In new book Irish prostitute talks about her double life as middle class mother
From convent school to wife, to prostitution - the diary of a double life in Ireland
The men she has serviced come in all shapes and sizes – from 25 years of age to grandfathers.
Occupations range from labourers and farmers to university professors. One was wearing a miraculous medal, which she asked him to remove before having sex. It came as a surprise to her that they tended not to be predatory men casually cheating on their wives. One of her earliest clients, frazzled by stress, fell asleep during his massage.
“The media portrayal of men who use the sex industry services are all supposed to be horrible and seedy and manky and dirty and abusive. My experience was the opposite,” she says. “I have to be careful saying that because I appreciate that there’s a very dark side to this industry – that there are an awful lot of vulnerable people who are trafficked into it, but I can only talk about my experiences and that there is another side to it.
“The guys were so normal. You’d have your fat, bald guy in his forties and there’s nothing happening at home because she’s too busy with the kids. On the other side of it you’d have a guy in his thirties and his partner was out of the country or they were very horny and hadn’t had sex in ages. Nothing to do with not being in love with their partner or being satisfied with their sex life; they just needed some relief I suppose.
“An awful lot of the guys had a really, really high libido so much so that it interfered with their normal activities. They might have sex with their partner in the morning but by lunchtime, they’re distracted again and can’t focus. One of my clients like this was 65. They would describe it as a nuisance. It was not a good thing.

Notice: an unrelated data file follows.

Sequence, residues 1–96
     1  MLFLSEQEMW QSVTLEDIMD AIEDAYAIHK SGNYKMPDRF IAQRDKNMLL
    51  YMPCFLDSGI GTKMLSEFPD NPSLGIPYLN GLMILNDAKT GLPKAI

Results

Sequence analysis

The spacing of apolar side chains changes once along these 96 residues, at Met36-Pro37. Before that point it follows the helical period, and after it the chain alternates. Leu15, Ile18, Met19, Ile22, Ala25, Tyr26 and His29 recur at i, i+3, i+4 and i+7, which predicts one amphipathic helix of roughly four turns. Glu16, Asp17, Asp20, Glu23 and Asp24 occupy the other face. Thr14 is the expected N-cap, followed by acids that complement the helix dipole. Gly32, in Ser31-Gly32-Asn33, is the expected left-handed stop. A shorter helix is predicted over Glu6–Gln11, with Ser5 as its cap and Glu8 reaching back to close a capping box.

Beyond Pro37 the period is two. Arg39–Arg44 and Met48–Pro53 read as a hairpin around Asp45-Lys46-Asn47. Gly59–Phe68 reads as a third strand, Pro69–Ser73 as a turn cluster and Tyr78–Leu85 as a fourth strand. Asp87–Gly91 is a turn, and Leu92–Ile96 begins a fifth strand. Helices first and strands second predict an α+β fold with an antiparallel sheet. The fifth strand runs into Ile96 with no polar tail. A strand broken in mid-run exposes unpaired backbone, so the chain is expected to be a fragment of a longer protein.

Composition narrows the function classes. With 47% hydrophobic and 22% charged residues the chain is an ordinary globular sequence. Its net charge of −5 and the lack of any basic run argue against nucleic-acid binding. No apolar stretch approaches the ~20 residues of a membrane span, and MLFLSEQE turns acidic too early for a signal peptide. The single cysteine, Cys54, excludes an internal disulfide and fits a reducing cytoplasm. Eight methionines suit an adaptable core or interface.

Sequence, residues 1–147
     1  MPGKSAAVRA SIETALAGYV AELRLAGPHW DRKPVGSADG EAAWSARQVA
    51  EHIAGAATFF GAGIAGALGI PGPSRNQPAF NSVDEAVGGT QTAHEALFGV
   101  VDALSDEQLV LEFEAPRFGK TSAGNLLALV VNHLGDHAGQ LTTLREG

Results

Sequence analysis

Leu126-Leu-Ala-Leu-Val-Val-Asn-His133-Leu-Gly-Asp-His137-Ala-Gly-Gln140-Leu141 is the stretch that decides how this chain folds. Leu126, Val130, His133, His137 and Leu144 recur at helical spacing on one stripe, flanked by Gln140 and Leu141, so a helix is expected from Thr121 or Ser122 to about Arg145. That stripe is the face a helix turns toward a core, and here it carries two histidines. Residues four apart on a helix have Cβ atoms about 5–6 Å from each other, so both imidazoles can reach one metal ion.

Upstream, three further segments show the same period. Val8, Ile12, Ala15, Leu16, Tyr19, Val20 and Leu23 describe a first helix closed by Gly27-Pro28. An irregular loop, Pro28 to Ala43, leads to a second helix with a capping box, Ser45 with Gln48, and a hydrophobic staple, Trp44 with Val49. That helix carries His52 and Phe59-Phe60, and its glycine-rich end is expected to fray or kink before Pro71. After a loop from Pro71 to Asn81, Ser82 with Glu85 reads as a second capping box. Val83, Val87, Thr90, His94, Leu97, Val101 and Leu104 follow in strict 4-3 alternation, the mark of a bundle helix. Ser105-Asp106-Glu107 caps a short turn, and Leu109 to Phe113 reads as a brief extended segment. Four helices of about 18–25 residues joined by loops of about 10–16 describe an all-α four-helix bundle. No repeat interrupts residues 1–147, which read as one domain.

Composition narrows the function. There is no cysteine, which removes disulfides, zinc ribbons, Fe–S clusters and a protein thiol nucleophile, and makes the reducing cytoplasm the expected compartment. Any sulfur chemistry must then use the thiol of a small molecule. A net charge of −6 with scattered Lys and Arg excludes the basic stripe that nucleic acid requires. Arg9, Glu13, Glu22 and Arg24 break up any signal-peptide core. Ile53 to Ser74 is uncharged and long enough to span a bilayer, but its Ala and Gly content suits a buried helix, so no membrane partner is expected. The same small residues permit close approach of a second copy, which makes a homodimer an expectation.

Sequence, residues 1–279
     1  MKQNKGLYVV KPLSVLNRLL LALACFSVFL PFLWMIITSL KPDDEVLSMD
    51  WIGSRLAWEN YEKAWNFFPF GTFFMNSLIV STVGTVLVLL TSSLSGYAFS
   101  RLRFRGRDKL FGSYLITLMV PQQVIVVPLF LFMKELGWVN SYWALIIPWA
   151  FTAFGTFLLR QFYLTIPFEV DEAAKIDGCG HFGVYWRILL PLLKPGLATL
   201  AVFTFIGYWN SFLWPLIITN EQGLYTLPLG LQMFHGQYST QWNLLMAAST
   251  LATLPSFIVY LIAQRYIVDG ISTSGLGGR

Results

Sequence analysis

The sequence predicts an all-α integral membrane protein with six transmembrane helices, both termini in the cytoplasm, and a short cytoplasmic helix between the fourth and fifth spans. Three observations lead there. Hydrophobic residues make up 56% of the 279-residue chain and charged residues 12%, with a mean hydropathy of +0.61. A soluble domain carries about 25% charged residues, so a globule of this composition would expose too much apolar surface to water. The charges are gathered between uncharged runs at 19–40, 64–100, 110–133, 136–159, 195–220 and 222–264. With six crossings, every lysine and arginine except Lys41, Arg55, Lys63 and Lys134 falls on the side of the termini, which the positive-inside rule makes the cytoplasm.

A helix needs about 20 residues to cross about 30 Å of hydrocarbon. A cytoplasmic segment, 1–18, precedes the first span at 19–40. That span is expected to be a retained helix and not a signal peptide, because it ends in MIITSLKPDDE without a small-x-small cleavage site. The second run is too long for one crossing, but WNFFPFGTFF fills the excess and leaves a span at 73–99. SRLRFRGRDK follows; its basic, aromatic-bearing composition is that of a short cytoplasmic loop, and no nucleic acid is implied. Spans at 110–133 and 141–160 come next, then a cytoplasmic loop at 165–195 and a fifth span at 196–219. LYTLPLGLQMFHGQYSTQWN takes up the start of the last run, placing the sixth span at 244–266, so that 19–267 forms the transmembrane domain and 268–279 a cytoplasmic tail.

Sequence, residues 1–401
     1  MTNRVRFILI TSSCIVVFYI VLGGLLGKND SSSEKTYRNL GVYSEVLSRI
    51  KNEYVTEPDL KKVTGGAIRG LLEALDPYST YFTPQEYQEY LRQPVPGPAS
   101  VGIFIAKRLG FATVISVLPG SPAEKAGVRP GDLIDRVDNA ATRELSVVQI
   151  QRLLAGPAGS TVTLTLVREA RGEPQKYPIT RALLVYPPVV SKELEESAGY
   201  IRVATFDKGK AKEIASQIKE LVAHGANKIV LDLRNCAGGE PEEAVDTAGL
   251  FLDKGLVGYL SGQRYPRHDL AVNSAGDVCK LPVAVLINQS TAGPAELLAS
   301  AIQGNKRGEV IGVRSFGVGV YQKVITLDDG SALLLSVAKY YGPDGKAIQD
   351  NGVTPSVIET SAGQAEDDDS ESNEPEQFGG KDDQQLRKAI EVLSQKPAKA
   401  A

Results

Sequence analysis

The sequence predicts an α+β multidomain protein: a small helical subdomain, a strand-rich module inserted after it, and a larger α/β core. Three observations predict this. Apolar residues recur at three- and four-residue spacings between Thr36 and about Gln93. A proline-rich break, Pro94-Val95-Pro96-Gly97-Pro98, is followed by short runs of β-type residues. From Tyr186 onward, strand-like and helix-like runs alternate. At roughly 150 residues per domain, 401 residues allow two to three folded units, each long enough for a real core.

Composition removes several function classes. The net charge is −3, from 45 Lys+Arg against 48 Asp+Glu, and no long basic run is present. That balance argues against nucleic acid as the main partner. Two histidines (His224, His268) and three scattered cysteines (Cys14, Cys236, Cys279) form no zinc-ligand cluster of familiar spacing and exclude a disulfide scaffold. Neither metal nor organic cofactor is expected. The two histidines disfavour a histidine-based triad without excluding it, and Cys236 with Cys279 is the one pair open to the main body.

“I would say I took something good away from 85 to 90 percent of the experiences. Sometimes I’d be buoyed up by having really good sex or by something remarkable they had said about their home lives or private lives.”
After a year in the trade, the edges around her private life started to fray. Leading a double life was exhausting. She felt, she says, “like Batman”. She had six email addresses. She had trouble sleeping – her head was spinning so much in trying to double guess scenarios and in covering her tracks. Her mother complained to her that her phone was always going through to voicemail. She always had to think twice about which name to use when signing a form at the bank. Her code for taking business calls in front of the family became conspicuous.
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